HOME > About NYSI > Impact Report 2016-2017 > NYSI Supported MOE to Identify 1,000 Talented Primary School Youth Athletes for Junior Sports Academy

NYSI Supported MOE to Identify 1,000 Talented Primary School Youth Athletes for Junior Sports Academy


Track and Field is one of the sports offered in the two-year JSA programme.

Since 2016, NYSI has worked with the Ministry of Education (MOE) to ensure that the chance to learn and play sports does not elude physically talented primary school children just because their parents cannot afford it.

“The Junior Sports Academy (JSA) is a good platform to detect talent and help us identify young student-athletes who have the potential to excel in sports. Furthermore, the JSA is a broad-based exposure programme that develops a variety of skills that will help development,” said Dr Esther Chia, NYSI Head of Talent Identification and Development (TID).

2017JSA15.jpgJeevita Pillai of NYSI briefing primary school student-athletes during the JSA selection trials.

Since 2016, NYSI TID have worked closely with the Physical, Sports & Outdoor Education Branch (PSOEB) of MOE.

In 2016, NYSI TID tested approximately 4,000 primary school youth athletes through the JSA selection trials and 1,000 youth athletes through the JSA sports modules. In 2017, TID reached out to another 4,000 more youth athletes.

Nominated by either their parent or teacher, the youth athletes were tested on speed, agility, coordination, balance, and power. 500 of the best movers from each batch of 4,000 were then chosen to join the two-year JSA programme.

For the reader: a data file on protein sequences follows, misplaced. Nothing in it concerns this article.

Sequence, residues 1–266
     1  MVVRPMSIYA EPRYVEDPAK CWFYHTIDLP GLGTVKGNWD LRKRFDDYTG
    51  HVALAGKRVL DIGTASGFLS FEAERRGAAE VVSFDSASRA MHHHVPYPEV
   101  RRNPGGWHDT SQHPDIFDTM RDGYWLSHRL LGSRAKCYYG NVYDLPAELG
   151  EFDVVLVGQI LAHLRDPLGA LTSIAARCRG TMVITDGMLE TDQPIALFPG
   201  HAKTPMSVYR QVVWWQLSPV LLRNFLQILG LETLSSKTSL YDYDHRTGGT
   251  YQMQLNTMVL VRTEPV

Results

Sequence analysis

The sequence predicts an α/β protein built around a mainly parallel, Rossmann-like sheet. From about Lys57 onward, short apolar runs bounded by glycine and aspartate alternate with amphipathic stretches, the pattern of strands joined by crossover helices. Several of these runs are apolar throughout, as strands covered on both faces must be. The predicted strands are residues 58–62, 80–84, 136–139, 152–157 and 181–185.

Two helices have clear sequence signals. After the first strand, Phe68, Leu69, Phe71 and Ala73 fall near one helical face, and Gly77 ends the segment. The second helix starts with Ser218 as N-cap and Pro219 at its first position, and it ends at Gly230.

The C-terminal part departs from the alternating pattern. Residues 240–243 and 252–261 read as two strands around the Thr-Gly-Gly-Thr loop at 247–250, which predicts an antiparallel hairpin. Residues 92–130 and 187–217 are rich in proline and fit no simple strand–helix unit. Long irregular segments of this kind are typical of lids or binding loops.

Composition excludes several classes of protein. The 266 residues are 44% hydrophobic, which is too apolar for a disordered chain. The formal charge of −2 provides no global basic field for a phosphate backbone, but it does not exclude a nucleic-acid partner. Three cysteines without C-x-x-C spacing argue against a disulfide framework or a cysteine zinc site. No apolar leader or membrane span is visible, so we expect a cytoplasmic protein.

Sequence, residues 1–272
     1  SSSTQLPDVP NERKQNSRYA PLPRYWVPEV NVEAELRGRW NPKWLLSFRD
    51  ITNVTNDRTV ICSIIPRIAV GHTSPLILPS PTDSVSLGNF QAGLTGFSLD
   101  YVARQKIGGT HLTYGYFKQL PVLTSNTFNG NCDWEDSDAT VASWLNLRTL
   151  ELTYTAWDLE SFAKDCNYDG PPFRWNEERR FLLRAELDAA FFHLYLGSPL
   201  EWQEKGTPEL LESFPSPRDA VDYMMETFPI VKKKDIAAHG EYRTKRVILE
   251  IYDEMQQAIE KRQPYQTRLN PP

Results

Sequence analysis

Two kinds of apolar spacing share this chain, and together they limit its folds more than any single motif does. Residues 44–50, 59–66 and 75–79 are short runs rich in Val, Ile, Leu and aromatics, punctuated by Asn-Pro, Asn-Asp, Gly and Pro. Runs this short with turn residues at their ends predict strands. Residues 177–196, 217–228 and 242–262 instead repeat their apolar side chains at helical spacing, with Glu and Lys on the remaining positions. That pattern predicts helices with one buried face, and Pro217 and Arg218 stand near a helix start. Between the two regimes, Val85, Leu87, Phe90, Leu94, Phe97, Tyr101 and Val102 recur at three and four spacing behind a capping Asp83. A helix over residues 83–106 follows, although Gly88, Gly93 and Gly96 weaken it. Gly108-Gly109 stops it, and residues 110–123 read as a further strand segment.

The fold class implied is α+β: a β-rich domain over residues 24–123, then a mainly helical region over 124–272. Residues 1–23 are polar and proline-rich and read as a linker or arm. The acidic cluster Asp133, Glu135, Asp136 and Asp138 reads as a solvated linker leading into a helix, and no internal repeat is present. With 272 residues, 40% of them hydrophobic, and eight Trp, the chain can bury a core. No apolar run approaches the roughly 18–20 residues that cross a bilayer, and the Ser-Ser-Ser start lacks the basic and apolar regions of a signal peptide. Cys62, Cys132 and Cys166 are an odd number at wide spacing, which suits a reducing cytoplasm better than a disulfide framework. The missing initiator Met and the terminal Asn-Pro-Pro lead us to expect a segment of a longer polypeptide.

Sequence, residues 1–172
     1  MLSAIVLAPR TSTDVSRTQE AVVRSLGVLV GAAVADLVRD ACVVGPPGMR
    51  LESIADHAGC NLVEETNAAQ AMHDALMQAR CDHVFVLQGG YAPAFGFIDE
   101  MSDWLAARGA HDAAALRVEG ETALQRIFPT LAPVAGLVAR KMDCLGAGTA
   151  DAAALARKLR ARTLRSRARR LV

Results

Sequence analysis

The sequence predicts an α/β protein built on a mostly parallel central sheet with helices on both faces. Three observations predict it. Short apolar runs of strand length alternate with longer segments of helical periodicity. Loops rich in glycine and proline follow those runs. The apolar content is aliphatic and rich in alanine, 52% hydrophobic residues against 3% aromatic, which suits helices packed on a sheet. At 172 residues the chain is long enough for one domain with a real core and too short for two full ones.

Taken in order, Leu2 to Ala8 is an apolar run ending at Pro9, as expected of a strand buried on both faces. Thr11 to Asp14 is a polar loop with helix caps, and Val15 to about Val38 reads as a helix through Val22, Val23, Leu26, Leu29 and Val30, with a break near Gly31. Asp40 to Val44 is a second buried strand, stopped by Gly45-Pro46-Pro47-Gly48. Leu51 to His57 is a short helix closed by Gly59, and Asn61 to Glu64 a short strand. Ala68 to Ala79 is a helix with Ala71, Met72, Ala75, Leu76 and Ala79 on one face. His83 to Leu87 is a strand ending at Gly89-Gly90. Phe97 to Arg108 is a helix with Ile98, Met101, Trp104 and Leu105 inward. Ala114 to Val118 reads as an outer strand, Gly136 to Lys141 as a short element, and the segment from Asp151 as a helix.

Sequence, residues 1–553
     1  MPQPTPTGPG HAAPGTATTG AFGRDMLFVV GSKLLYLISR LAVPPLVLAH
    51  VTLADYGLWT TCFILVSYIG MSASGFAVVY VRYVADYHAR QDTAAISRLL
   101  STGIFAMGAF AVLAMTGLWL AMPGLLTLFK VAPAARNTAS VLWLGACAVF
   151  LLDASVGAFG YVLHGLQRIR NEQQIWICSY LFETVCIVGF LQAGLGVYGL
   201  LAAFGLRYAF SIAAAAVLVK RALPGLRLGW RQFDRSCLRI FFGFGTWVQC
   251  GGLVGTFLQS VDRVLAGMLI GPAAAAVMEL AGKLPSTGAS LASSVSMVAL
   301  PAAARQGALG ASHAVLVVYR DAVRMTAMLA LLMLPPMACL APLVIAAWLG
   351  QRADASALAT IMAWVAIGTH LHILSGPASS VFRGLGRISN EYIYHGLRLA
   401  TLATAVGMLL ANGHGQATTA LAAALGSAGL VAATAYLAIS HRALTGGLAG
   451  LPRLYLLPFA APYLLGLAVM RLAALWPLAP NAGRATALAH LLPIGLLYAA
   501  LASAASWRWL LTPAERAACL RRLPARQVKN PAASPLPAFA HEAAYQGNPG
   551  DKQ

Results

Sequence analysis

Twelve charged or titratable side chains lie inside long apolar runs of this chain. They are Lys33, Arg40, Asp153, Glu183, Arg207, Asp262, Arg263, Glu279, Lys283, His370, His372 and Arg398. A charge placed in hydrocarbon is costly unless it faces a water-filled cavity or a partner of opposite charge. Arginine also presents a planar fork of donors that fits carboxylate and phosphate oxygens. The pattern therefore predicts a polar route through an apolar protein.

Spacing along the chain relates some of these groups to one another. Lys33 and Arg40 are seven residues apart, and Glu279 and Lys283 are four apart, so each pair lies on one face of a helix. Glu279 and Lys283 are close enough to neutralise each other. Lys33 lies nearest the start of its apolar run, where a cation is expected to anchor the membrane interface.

2017JSA11.jpgIvan Ee of NYSI answering the questions of some primary school student-athletes during the JSA selection trials.

Mrs Tan Chen Kee, MOE Divisional Director of student development curriculum, told The Straits Times (First batch of student-athletes under MOE’s revised Junior Sports Academy programmes graduate; May 20, 2017) that she believes the partnership with NYSI will open up the JSA programme to more students and provide greater depth to the modules.

“Apart from having more sports (in the future), we also want to deepen the students’ exposure to the different sports and build in sports education as well,” said Mrs Tan in The Straits Times.

“Mental resilience and self-management are some of the skills they pick up in sports, and we also want to help the kids learn to transfer what they pick up in the sport to the other aspect of their lives.”

During the two-year JSA programme, youth athletes choose a sport from each of the following categories: General Sports (Gymnastics, Track and Field, Sailing, Swimming, Taekwondo, Wushu), Territorial Invasion Sports (Basketball, Flippaball, Floorball, Football, Netball), Net- Barrier Sports (Badminton, Table Tennis, Tennis, Volleyball), and Target Sports (Shooting, Fencing, Bowling, Softball).

crocodile-challenge-cup93.jpgPrimary school student-athletes can choose Table Tennis as one of the sports in the two-year JSA programme.

“This multi-sport approach helps the youth athletes to explore, discover, and develop their areas of interest and strengthen their overall physical ability. It also gives us an opportunity to test certain concepts in youth athlete development to accelerate the progress of a student-athlete,” said Dr Chia.